Prof traces role of photography in black freedom struggle
Photographs of the murder by lynching of African-American men, women and children were routinely taken and often made into postcards as mementos by racist whites during the Jim Crow era.
Less well known is that they were also collected and circulated by African-Americans and civil rights activists to incite indignation at the spectacle of racist mob rule and to mobilize for social change. Those horrific pictures were thus transformed from weapons of terror into instruments of social protest and galvanized generations of anti-lynching and civil rights activists.
Photography may have started out in the hands of white supremacists, but the images it generated and ultimately the media itself was appropriated in turn by African Americans as a powerful tool in the struggle for self-determination.
In her recently published book, Imprisoned in a Luminous Glare: Photography and the African American Freedom Struggle(2011, University of North Carolina Press), Raiford provides a history of African American political ownership of photography as both practitioners and objects. She explores this history from its beginning.
“So much of the long African American freedom struggle is about effecting public opinion and changing the way we understand black bodies and black rights,” says Leigh Raiford, professor of African American Studies.
Already in the nineteenth century, black activists like Sojourner Truth earned income by selling photos of herself at lectures. Frederick Douglass wrote of the power of photography to communicate accurate images of black life. But it was the generation of post-WWII activist groups—including the Black Panthers and the Student Nonviolent Coordinating Committee (SNCC)—that made the broadest use of photographic technology as an instrument of social transformation.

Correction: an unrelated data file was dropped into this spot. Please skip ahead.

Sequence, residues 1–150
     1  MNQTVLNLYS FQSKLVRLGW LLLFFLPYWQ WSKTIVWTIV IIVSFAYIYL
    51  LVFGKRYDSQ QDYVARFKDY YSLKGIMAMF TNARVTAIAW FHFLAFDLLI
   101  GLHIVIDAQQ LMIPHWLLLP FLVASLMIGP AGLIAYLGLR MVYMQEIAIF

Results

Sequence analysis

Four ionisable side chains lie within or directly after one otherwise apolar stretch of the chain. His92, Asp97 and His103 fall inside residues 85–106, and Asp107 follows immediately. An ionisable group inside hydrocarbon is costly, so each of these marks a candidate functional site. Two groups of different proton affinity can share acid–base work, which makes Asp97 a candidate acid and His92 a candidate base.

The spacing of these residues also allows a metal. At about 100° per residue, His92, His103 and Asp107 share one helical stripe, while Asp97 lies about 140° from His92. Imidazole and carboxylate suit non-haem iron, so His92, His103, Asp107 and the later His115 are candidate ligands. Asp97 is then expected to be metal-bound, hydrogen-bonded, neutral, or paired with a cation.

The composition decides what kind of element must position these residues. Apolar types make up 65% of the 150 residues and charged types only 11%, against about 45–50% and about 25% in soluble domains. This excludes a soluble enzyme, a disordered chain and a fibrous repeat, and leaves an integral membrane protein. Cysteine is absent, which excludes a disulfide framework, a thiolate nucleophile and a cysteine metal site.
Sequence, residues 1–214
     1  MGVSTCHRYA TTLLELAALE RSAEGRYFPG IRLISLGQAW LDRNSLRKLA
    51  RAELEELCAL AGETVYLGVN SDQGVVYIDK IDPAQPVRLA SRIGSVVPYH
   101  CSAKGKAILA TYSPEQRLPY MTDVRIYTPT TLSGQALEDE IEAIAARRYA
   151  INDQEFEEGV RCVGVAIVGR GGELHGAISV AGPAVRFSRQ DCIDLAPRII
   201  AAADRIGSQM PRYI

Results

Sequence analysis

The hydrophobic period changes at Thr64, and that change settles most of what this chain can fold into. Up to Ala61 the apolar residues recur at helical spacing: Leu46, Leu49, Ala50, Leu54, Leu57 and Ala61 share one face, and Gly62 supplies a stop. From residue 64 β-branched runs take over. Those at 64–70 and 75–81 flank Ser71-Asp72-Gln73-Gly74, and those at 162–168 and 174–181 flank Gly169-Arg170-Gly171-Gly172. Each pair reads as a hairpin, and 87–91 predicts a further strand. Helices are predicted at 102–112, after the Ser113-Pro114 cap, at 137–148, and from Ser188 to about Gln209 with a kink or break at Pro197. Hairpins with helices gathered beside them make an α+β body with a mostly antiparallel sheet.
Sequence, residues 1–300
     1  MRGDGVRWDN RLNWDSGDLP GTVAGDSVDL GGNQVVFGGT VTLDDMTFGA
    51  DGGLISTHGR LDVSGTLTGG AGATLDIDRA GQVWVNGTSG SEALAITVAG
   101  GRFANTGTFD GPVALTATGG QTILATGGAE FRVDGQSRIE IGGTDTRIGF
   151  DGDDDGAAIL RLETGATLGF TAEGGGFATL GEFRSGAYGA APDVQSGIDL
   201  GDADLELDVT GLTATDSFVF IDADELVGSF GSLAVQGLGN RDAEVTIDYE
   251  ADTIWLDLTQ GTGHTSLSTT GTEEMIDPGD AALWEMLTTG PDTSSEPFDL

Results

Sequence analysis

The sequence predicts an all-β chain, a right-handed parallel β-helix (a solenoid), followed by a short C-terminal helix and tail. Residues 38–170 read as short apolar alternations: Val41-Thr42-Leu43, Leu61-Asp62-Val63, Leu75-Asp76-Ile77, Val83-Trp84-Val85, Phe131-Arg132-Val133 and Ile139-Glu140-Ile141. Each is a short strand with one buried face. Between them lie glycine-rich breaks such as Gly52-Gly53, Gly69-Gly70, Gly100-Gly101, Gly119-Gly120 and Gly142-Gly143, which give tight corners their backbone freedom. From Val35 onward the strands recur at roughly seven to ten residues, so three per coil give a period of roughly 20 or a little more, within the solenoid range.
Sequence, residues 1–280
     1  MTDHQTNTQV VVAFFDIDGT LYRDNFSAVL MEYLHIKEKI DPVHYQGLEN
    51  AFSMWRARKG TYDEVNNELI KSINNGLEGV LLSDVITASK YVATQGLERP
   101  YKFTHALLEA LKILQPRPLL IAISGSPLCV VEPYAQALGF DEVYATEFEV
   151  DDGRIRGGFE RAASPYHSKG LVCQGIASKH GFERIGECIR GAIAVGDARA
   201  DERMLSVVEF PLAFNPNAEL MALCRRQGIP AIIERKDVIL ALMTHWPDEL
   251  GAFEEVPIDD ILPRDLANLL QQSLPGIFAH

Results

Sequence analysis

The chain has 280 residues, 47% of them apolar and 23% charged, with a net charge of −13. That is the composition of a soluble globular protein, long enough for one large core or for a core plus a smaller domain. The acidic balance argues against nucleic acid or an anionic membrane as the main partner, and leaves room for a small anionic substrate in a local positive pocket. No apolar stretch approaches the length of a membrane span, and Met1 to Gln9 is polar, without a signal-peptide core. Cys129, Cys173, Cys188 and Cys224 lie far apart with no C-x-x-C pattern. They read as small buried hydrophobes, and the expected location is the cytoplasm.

“What I saw happening over the course of later periods is that social movements started to seek out, train and employ photographers,” Raiford says. “SNCC’s control of its own media is vital to the movement itself.”
This post-war generation came of age with the birth of television. They were exposed to the magazines Ebony and Jet, including the shocking 1955 photograph of the body of a lynched boy, Emmett Till, in an open casket, published in Jet with the permission of the boy’s mother.
“That image led to a public political mourning that many civil rights activists point to as a galvanizing moment,” Raiford says.
African Americans recognized the power of the visual image and used it in both personal and public contexts. While mainstream news outlets began to cover the civil rights movement once police attacks on protests could no longer be ignored, SNCC photographers were embedded in political events from early on. SNCC created a communications wing as well as a photo and film agency within its organization. Their photographers produced publicity material, press releases, album covers, poster and pamphlets.
“These were young folks who were already immersed in the technology of the moment, not unlike the activists of today,” says Raiford. “Photography was a technical tool among many tools. It was another weapon in the arsenal.
By 1963, photos of non-violent black demonstrators enduring attacks by fire hoses and dogs appeared daily in newspapers across the country. The violence provoked by the post-war movement for racial equality in the American south was revealed by African-American photographers for all to see, with perpetrators “imprisoned in a luminous glare,” in the words of Martin Luther King, Jr.
Raiford’s book includes an analysis of how the uses of photography evolved with of the emergence of the black power movement out of civil rights. Images of interracial cooperation were supplanted with representations of the assertion of power and control by African Americans and most notable the Black Panthers.
In working on this study, Raiford interviewed photographers, many of whom had never been interviewed before about their photographic work and their artistic ambitions. Civil rights photographs were produced not only by African American, but also white, Asian American and Latino photographers who picked up their cameras as a way to participate in the movement of their day. Some of these photo-activists went on to pursue careers as art photographers while others continued to work on social issues.
“They signed up to be part of this revolution,” Raiford says. “A camera was the tool they took up.”